Although Hong Kong is technically part of China, its residents largely see themselves as separate. Hong Kong is one of the wealthiest areas of China and its most developed, so there are loads of business opportunities. Hong Kong is sometimes seen as the link between China's mainland and the rest of the world.
When conducting business in Hong Kong, relationships are highly important. Because of this, it is usually best to be introduced to potential business contacts by an intermediary, particularly someone of high social status. Businesses are not likely to deal with you if they have no idea who you are. Business cards are always exchanged, and you should present and receive them using both hands. Always carry plenty of cards with you, as you will go through them quickly.
When scheduling meetings, try to avoid late December, Chinese New Year (typically January or February), and August. These are popular vacation times, so you are unlikely to be able to schedule a meeting. Also, it can sometimes be seen as disrespectful of local culture to be unaware of Chinese New Year.
Those in Hong Kong place high importance on punctuality, so it is crucial to always arrive at meetings on time or early. If you absolutely must be late, give your host as much advance notice as you possibly can. Traffic can often be congested, so be sure to allow for plenty of travel time between appointments when planning your itinerary. It is better to arrive early than late.
When receiving correspondence, respond quickly, even if it is just to confirm that you have received the message and will be giving a more thorough response later. Business moves at a very fast pace in Hong Kong, so you run the risk of losing business if you take too long to respond.
As with many other Asian cultures, meals are very important in Hong Kong, so you should expect to have many business meetings over lunch or dinner. When sitting, aim to alternate between Australians and those from Hong Kong. Meals are critical to building strong and lasting relationships between business associates in Hong Kong.
It is common in Hong Kong for people to use both a Chinese name and an English name. If the Chinese name is used, the surname comes first. When using an English name, the surname comes last. Keep this in mind when referring to someone as Mr or Ms.
The Chinese are highly concerned with losing face. When offering criticism, never do it in public, as this could embarrass the person in front of others. Try instead to deal with these matters in private. If the person is of high social standing, you may be better off offering criticism through a respected intermediary, as the concept of face can often be difficult for outsiders to navigate.
In Hong Kong, many larger businesses, especially international ones, are open from 9:00 a.m. to 5:00 p.m. Monday through Friday. Many Chinese businesses stay open later and open on Saturdays as well. Most businesses close for an hour for lunch. Shops tend to keep extended hours, staying open until 10:00 p.m. every day. Keep in mind that most businesses close for Chinese New Year. Hong Kong is two hours behind Australia's eastern time zone and does not observe Daylight Savings Time.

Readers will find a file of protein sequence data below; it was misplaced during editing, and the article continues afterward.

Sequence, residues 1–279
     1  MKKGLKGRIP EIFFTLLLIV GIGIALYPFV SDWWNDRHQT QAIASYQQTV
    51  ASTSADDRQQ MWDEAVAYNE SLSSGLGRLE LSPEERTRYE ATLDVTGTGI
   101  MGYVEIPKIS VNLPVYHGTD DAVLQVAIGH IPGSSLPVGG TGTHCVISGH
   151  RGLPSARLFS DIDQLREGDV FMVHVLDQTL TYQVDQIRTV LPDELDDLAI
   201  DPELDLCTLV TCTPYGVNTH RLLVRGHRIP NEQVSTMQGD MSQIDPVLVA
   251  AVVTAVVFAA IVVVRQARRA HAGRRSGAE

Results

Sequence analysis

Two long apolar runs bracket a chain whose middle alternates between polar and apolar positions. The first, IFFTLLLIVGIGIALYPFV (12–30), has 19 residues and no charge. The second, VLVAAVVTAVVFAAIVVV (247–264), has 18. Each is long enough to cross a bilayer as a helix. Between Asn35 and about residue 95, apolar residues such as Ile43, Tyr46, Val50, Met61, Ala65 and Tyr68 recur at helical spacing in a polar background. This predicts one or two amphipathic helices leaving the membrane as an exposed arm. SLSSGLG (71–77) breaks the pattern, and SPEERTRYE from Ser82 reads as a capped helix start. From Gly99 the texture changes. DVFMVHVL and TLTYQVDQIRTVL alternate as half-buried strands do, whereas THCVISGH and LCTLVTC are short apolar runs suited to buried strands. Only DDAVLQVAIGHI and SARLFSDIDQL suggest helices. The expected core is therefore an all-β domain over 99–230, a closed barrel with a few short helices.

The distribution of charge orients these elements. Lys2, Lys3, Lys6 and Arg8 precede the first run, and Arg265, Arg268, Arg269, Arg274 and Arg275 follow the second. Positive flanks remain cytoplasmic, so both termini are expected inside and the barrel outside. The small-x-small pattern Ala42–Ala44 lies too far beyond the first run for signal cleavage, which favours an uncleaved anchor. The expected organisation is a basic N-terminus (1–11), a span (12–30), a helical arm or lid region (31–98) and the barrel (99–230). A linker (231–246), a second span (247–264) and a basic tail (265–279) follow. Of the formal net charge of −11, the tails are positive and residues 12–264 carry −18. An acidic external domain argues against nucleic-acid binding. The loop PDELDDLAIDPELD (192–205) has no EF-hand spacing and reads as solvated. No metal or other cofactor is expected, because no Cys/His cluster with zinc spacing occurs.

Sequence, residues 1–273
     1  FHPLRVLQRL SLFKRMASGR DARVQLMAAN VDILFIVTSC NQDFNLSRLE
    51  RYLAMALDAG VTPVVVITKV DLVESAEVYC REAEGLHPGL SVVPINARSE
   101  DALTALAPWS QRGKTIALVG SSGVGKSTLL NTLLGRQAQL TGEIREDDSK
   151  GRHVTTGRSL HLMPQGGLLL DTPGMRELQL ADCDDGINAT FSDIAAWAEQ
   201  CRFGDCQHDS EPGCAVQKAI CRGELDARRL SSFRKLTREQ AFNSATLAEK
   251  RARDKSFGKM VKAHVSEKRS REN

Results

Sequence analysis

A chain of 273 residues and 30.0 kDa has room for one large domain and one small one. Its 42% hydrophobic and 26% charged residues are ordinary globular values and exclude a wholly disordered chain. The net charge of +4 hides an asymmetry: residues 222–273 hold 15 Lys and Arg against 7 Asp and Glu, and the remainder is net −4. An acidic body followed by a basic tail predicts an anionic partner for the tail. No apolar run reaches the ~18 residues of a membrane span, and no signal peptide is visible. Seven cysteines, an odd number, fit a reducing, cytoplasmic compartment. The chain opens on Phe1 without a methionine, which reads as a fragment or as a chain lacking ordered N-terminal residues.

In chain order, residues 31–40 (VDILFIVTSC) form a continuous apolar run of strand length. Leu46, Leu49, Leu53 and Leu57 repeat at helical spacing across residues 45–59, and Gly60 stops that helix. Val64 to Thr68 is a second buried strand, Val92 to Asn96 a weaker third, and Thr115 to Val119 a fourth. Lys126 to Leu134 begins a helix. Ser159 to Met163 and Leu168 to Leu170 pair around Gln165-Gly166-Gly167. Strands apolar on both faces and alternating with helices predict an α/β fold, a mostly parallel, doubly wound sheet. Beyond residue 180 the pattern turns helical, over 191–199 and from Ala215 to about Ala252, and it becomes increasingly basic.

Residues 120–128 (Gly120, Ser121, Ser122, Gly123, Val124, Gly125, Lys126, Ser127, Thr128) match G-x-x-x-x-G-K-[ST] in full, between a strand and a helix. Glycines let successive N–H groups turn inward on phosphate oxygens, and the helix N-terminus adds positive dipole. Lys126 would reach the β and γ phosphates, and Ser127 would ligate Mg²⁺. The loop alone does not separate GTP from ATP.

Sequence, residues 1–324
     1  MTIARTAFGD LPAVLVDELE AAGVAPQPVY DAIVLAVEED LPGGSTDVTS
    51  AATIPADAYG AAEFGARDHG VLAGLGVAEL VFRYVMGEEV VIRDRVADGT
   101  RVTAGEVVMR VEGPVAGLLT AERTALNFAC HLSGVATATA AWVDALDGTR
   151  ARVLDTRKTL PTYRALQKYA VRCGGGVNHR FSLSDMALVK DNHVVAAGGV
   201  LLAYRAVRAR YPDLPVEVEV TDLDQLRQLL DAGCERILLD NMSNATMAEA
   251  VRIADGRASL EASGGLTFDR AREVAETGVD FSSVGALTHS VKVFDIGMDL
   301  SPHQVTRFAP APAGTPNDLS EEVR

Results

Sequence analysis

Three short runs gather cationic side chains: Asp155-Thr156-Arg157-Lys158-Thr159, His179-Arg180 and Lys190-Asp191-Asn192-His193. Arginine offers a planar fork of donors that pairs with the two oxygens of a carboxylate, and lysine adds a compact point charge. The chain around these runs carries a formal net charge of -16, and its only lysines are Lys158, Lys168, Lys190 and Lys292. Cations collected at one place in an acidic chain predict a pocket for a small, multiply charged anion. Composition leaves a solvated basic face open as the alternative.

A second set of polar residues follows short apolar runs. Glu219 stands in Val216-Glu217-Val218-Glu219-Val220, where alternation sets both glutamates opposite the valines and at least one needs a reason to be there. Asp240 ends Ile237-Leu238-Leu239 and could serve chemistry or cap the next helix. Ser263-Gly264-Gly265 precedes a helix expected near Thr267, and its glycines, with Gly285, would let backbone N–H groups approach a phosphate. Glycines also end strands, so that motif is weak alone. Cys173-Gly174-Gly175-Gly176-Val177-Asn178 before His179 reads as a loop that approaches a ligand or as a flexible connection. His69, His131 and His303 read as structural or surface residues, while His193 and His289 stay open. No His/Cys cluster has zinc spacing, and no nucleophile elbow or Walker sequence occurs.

The local currency in Hong Kong is the Hong Kong dollar. ATMs and currency exchange shops are common, so it is relatively easy to access cash when you need it.
Hong Kong's climate varies by the seasons and is monsoonal. In summer, temperatures average above 30 degrees. The weather during this time is humid and rain is common, so it is a good idea to carry an umbrella. In winter, temperatures drop to around 15 degrees, and the weather is drier. Typhoons are common during the summer months and can be unpredictable. During high winds, it is best to stay indoors and away from the windows until the wind subsides. Local television channels typically provide frequent weather updates in typhoon conditions.
Hong Kong's electricity is 220 volts, 50Hz. You will usually see square three-pin plugs.
For Australians, a visa is not typically required if your stay will last fewer than three months. If you will be staying longer, you must obtain a visa before arriving in Hong Kong. You will not be able to change your visa status after you arrive.
Hong Kong's international airport is called Chek Lap Kok. From the airport, you can get into the city via the Airport Express train, which runs every 10 minutes. The trip takes less than half an hour. Taxis are available as well, but due to traffic, the journey usually takes closer to an hour and is more expensive than the train.
Once in the city, public transport is your best option. There is an extensive network or rail, bus and ferry lines, all of which are relatively inexpensive. Most signage is displayed in both Chinese and English, making it easy to find your way around. Taxis are readily available as well, and many of the drivers understand at least some English.
About 10 percent is a standard tip for services. However, some hotels and restaurants, but not all, will add a 10-percent service charge to your bill. In this case, tipping is not necessary.
Hong Kong has some of the best hotels in the world from both local brands and large international chains. Because there is so much competition in the area, the quality is consistently high.
Hong Kong has two major restaurant districts. In So Ho you can find a wide variety of international cuisine, and in Wanchai you'll find a more casual atmosphere with many bars and restaurants where you can have a light bite.
Hong Kong is the most popular tourist destination in Asia, so there is a tourist attraction to suit virtually every taste and interest. Ranging from natural wonders to historic buildings to museums, Hong Kong offers a bit of everything.